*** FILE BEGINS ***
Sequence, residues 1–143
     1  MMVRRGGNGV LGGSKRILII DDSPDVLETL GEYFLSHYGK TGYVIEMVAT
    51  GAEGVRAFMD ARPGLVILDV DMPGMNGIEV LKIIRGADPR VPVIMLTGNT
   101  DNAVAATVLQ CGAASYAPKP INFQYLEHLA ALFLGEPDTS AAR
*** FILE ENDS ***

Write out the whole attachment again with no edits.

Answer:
Sequence, residues 1–143
     1  MMVRRGGNGV LGGSKRILII DDSPDVLETL GEYFLSHYGK TGYVIEMVAT
    51  GAEGVRAFMD ARPGLVILDV DMPGMNGIEV LKIIRGADPR VPVIMLTGNT
   101  DNAVAATVLQ CGAASYAPKP INFQYLEHLA ALFLGEPDTS AAR